“I can’t think of any other aspect of my life where I come into such close proximity to mould and algae…”
As the opening line in a book it wouldn’t exactly be an attention grabber, but as a harsh fact of caravanning life, it’s a reality. And it’s one that I have to deal with on an annual basis.
I’m sure that I can remember putting a shiny white caravan into its storage area at the end of each season – and yet each spring it sits there, looking as though it’s just emerged from a particularly filthy swamp. It’s a thousand shades of light and dark green, and home to more single-cell plant and animal life than a David Attenborough special.
Has my caravan developed a secret ability to take itself off to wild and exotic locations during its winter break, perhaps resulting in a collection of Herbie-like adventures of its own? A few nights in the forest here, another couple in the local pond there, and a few more in the grubbiest areas of a working farm for good measure.
However it happens, each spring I’m faced with the same dilemma: how to turn it back from primeval to pristine. A bucket of soap and water simply wasn’t cutting the mustard, so this year I invested in a power washer (with optional ‘Gyroturb spinning, rotating heads’, no less).
I excitedly unpacked it from the box and assembled the parts. I filled the additives dispenser with a proprietary fungal wash called ‘Gleamo Clean’, ‘Magic Sparkle’, ‘Algae Zap’ or something similar. I connected the water hose and eagerly turned on the power…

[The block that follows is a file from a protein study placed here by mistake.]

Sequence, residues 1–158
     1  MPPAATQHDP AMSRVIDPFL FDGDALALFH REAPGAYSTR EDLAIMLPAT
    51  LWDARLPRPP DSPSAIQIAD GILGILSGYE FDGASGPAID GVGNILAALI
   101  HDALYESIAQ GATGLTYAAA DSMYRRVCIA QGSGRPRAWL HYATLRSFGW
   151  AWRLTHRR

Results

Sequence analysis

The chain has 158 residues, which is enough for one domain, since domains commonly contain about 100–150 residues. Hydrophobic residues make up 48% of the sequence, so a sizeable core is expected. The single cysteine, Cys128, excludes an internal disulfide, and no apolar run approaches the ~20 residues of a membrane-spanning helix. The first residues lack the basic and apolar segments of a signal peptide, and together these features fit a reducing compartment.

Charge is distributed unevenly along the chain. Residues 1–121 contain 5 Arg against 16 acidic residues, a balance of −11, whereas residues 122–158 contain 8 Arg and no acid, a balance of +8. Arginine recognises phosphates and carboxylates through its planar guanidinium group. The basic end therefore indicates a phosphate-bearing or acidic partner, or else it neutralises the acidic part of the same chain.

A few moments of whirring and slooping later, and a high-velocity stream of bright-orange foam launched itself from the end of my power-wash lance. It was like a scene from Ghostbusters. Within seconds, not only was the caravan covered in a thick layer of expanding bubbles, so was I, the children’s pets’ hutches, and most of the garden. And in the rapidly multiplying mountain of foam, the on/off switch for the power washer proved remarkably elusive. It was only my muffled screams that brought my wife to my aid – thankfully via the power-socket switch.
I’m not sure that the herbaceous border will ever be the same again, and the guinea pigs are now a very unusual colour. The only advantage is that I’m convinced my recurring athlete’s foot is now banished forever.
Eventually, I managed to rinse all of the foam off the caravan and there, finally revealed in all of its glory, was the gleaming white home-from-home that I know and love. Apart from the windows, which seemed to have become frosted for some reason.
I’m sure that I read the instructions properly. But maybe watching some expert cleaning advice from Practical Caravan would help, too.
Visit Martin’s website for information about him, his books and his property training weekends, and follow his adventures on Twitter.
I’m not sure that the herbaceous border will ever be the same again, and the guinea pigs are now a very unusual colour